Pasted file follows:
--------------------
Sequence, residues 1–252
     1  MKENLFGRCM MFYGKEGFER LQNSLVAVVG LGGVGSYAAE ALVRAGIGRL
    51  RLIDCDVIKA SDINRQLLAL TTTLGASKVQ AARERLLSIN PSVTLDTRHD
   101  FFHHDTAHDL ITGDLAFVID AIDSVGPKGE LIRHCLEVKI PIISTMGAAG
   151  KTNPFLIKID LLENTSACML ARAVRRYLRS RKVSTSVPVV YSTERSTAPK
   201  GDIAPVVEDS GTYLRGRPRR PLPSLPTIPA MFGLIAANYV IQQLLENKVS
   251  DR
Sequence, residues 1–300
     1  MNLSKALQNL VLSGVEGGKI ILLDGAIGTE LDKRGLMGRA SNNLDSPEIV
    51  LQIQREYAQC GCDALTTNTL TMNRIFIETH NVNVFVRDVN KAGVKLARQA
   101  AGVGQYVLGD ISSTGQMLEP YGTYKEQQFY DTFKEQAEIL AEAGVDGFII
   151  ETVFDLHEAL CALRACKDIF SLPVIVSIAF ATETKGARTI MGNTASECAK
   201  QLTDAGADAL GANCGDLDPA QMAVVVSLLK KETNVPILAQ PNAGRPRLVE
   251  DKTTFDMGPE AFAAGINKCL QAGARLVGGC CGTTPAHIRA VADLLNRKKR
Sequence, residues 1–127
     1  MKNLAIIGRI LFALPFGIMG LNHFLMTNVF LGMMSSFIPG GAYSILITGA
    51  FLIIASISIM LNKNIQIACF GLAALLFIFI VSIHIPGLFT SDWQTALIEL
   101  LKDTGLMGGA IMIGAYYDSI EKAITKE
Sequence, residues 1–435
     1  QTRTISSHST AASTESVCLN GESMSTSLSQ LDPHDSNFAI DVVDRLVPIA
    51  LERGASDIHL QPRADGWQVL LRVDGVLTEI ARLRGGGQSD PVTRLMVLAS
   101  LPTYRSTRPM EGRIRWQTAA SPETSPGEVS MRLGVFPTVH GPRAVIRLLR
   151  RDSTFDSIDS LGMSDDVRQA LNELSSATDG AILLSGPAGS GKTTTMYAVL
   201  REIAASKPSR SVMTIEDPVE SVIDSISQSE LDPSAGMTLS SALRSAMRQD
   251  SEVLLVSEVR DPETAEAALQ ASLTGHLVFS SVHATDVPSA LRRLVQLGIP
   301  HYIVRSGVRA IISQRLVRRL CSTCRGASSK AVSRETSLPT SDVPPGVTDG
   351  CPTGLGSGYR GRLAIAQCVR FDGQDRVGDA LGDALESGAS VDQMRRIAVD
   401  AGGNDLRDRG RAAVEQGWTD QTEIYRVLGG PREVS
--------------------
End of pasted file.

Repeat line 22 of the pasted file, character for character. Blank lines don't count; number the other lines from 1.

   101  LPTYRSTRPM EGRIRWQTAA SPETSPGEVS MRLGVFPTVH GPRAVIRLLR